The first day is over and what a day it was. I really enjoyed it.
We started off with Rachid Guerraoui talking about transactions. He gave a really nice talk - enough detail to make you think that maybe you should change research areas, and yet not too much to make you fall asleep (or check out the pool). The question he posed is whether we can just "inherit" all the stuff that Jim Gray et al. did in the 70s on transaction systems and just import them into our languages/systems and be done with it? Interestingly it doesn't seem so.
I had the honour of chairing the first session. Because of the welcomes and presentations before Rachid's talk we were already running 30mins late! To incentivize the speakers I offered an AITO Cypriot pear to the speakers who finished inside their 25mins slot:-) Fortunately the three speakers all rose to the challenge and got one of their five daily fruit+veg portions.
Nick Cameron kicked off with his wonderful work with Sophia and Erik on Wildcards aka existential types in Java. His presentation was very clear and it does seem that we finally have some understanding as to what these damn things are! As far as I know we still don't know if the system is decidable - maybe Andrew and Benli's work on variance could now be applied?
Jaroslav Sevnik followed up with a great talk on the Java Memory Model. It seems he really does have all the right tools in his hands to study this beast and he has managed to verify a number of useful transformations, and indentify erroneous ones too. Someone asked if he thought that Sun might rewrite the JMM. He thought they would but unfortunately there's nothing out there as a viable alternative. Sounds like a great PhD for someone with a huge brain! [My head hurts when I listen to the fine details of the JMM - like when Jaroslav gave a theory seminar in Cambridge :-( ]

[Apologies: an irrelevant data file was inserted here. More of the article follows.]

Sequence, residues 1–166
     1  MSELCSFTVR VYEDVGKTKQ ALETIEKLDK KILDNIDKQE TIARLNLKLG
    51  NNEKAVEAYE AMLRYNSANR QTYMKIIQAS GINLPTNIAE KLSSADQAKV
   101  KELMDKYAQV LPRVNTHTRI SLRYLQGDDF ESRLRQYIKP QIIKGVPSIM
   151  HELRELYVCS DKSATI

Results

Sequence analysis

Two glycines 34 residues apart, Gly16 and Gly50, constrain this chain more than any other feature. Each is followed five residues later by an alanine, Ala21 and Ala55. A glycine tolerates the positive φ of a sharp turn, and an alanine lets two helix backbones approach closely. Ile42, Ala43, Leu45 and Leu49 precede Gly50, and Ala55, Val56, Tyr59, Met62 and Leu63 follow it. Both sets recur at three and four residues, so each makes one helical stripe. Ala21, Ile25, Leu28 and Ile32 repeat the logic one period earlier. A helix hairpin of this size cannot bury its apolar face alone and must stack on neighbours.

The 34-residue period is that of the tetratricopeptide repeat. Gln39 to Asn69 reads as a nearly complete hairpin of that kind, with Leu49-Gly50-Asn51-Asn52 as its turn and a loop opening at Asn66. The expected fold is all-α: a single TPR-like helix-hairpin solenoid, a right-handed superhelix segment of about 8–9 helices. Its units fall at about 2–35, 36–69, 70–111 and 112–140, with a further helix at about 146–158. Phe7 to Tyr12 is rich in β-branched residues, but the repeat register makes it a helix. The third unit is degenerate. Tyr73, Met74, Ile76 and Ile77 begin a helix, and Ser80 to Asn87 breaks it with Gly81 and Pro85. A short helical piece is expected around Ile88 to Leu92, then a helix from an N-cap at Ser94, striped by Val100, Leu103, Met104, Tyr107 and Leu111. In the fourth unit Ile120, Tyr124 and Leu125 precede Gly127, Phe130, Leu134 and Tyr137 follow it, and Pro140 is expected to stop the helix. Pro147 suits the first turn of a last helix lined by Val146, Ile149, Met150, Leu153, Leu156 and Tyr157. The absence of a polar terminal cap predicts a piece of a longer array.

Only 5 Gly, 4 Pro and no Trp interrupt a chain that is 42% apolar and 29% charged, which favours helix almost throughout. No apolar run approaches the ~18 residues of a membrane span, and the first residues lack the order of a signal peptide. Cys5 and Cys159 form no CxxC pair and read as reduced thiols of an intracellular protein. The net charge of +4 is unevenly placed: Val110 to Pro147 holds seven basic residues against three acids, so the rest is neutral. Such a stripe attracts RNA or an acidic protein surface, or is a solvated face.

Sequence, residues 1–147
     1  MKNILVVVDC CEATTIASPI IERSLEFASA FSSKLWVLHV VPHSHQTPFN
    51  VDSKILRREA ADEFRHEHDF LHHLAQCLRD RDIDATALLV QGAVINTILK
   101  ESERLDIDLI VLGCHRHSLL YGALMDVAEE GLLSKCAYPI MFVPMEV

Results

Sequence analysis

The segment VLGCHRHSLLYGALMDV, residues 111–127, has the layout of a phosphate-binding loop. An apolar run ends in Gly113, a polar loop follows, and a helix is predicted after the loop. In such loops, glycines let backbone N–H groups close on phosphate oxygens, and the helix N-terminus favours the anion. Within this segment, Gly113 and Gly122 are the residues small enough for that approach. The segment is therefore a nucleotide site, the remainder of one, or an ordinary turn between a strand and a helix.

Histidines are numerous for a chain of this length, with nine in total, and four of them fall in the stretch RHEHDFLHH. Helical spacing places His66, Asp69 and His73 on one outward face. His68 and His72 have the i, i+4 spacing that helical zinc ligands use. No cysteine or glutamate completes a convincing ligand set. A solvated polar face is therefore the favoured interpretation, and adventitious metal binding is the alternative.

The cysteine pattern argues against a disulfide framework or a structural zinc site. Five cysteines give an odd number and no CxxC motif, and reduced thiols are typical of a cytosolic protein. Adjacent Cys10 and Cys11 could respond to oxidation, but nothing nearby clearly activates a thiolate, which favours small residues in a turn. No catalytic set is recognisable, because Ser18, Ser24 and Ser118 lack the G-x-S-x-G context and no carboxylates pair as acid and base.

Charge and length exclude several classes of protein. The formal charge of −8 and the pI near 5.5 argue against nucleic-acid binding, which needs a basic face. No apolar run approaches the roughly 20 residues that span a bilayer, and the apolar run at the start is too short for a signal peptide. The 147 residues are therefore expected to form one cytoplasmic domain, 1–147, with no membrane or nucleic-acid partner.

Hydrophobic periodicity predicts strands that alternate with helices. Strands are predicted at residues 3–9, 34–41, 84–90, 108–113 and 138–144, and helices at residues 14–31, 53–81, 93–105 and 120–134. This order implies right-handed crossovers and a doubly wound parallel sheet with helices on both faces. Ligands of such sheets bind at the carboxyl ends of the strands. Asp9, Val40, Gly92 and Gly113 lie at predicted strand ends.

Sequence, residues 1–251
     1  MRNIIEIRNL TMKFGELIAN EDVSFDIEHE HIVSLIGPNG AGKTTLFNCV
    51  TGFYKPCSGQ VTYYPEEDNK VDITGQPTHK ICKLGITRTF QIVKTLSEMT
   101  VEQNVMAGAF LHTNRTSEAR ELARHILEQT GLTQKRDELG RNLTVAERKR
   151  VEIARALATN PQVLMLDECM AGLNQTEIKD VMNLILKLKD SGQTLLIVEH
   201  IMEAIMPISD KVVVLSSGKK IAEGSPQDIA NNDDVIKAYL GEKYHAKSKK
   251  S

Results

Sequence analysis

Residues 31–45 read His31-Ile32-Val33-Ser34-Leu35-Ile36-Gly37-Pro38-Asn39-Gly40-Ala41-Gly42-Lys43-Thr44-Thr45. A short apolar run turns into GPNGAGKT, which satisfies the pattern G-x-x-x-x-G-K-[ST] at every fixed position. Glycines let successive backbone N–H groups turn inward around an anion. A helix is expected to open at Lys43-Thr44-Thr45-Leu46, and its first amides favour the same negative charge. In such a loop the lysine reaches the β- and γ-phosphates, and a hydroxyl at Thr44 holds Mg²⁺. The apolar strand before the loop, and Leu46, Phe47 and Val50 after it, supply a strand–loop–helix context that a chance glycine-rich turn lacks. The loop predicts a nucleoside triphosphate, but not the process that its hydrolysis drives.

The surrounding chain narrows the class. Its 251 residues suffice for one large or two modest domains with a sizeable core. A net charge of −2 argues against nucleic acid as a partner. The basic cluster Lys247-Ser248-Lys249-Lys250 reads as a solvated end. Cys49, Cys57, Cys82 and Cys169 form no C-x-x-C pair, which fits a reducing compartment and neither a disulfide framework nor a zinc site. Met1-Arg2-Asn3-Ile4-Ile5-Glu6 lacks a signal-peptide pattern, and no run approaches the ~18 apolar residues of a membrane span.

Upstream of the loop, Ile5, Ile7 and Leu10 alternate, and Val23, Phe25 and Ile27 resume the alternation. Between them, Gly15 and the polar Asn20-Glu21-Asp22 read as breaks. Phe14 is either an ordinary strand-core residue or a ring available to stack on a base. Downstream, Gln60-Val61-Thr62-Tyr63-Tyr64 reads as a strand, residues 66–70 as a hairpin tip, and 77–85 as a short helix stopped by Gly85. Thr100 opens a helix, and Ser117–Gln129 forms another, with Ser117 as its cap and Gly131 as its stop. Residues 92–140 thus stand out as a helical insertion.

Kathryn Gray rounded up session 1.0 with a very impressive talk about handling interop and inheritance between typed and untyped oo languages - she considered Java and Scheme as the languages in question. She did a really nice job about showing how the problem is perhaps more subtle than one might think, and her solution does seem pretty canonical.
All in all, I think people left session 1.0 ready for their coffee but glad that they stayed the course! [For some reason the timetable has 2.5 hours of talks before the first coffee break - Yikes!]
The rest of the day was of similarly high quality, but let me just flag Shan Shan Huang's talk on LiquidMetal, which was a very nice talk about the Lime compiler that takes a reasonably modest extension of Java and compiles either direct to the JVM or spits bits out for compilation on an FPGA and/or Cell processor. Really nice stuff - I need to talk with her about the fiddling that Satnam and I have done using LINQ.
A great first day. Now the nerves kick in for my presentation tomorrow morning...